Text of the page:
Page:Voyage in search of La Perouse, volume 2 (Stockdale).djvu/310

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south-east of our ship, I could not doubt but that they set a great value on this tree; it was planted in a very good soil, and surrounded with strong palisades. Neither of those trees yielded fruit at that time, but had a great number of male flowers.

We had already advanced a great way up the mountain, when some of the people belonging to our vessel, who went on shore, discharged their pieces before they returned on board. The report of the musketry made us resolve to direct our course toward them immediately, apprehensive of their being engaged with the savages.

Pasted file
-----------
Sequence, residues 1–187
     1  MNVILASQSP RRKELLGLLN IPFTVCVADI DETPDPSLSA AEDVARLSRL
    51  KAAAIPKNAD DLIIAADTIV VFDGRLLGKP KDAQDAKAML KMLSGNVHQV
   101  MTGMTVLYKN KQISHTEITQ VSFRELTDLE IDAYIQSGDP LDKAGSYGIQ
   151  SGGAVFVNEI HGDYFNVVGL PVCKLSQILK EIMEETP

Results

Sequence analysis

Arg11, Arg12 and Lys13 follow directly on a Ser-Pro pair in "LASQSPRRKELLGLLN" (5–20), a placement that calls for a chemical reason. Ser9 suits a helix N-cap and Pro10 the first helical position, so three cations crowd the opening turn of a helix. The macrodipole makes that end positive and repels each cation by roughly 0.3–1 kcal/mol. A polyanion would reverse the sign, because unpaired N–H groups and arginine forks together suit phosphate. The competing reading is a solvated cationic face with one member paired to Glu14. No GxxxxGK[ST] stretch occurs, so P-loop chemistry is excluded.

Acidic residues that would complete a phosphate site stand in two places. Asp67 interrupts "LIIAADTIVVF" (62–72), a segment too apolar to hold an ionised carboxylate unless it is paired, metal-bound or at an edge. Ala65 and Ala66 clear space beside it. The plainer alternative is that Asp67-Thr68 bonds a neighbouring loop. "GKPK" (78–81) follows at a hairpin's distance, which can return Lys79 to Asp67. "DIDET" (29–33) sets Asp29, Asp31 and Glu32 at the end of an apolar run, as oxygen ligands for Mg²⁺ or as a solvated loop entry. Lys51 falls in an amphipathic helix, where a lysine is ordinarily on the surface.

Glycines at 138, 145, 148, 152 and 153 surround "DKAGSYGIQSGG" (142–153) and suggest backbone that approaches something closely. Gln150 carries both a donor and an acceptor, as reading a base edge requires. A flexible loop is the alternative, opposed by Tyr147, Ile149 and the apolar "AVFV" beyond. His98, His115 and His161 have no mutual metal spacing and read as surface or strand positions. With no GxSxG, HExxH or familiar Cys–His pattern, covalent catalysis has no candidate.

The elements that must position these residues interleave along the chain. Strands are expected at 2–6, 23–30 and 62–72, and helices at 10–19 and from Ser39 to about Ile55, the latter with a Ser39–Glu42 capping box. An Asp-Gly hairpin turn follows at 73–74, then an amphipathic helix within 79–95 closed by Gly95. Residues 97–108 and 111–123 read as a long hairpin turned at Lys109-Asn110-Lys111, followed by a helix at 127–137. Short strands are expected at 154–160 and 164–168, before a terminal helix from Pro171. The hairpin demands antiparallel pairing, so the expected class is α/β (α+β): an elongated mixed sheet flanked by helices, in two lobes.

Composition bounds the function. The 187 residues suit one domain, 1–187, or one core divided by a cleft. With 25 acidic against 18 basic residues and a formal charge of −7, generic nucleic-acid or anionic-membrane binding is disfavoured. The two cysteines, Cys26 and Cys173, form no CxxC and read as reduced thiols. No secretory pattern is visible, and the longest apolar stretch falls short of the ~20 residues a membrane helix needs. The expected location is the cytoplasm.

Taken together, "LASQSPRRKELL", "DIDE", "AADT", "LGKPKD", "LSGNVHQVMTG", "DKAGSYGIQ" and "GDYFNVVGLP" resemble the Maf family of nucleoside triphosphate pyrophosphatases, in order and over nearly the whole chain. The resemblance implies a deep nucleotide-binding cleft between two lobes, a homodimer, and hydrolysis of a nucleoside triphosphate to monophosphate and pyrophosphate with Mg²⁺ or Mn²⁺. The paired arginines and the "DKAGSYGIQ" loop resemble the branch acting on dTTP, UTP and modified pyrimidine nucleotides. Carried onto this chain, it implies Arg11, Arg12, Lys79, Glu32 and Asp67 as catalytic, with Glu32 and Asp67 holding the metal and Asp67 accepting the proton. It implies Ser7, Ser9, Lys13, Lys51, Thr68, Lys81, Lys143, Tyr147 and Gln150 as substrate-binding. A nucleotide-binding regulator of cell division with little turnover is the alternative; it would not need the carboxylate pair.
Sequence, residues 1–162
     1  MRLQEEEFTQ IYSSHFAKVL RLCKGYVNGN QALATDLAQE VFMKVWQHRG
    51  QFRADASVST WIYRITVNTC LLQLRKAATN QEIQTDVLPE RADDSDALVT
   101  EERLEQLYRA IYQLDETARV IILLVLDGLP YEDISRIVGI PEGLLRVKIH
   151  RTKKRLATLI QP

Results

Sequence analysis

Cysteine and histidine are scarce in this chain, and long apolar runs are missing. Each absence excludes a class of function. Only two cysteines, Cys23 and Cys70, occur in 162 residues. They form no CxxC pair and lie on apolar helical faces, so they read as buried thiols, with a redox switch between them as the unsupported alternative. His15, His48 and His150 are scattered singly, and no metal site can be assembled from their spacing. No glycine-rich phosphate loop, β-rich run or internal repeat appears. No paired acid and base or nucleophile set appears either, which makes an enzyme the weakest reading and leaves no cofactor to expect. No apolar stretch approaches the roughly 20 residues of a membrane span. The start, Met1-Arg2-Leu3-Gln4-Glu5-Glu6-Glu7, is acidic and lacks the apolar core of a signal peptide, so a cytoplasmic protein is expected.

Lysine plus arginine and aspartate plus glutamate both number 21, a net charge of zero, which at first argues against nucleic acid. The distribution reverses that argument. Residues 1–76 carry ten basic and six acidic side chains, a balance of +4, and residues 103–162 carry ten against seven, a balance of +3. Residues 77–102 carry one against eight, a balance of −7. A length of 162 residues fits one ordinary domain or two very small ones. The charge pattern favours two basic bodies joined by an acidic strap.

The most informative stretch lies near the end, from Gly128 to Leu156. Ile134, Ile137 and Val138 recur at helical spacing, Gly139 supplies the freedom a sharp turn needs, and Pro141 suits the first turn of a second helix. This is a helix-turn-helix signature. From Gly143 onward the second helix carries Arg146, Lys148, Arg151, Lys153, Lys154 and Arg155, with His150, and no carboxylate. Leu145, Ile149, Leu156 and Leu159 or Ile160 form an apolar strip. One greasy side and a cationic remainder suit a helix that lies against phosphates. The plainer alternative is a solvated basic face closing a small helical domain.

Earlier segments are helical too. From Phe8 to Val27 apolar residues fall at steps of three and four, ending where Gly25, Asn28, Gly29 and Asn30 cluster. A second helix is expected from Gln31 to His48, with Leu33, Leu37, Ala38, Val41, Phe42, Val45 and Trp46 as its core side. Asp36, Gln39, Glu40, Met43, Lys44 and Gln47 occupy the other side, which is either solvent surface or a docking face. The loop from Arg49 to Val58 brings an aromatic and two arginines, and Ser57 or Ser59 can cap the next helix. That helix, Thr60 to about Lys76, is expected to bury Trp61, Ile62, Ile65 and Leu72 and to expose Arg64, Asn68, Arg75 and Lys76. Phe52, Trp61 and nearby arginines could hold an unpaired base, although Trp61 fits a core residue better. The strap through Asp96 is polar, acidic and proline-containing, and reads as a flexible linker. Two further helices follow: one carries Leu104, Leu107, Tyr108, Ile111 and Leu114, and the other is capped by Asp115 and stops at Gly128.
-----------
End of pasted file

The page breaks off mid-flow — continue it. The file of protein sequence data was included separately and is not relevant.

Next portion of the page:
Night approached, and we went off to go on board our vessel, but the wind blew from east-south-east with such violence, and the current was so strong, that they were driven rapidly to westward; we had even great difficulty in making the Esperance, which we left half an hour afterwards to go on board the Recherche, as the weather had become more favourable.

The natives of New Caledonia are in general of the middle size, we however, saw one who was more than six feet in height, but very ill built. Their hair is woolly; their custom of pulling it up by the roots is very general; but we saw some of them who let their beards grow. The colour of their skin is as dark as that of the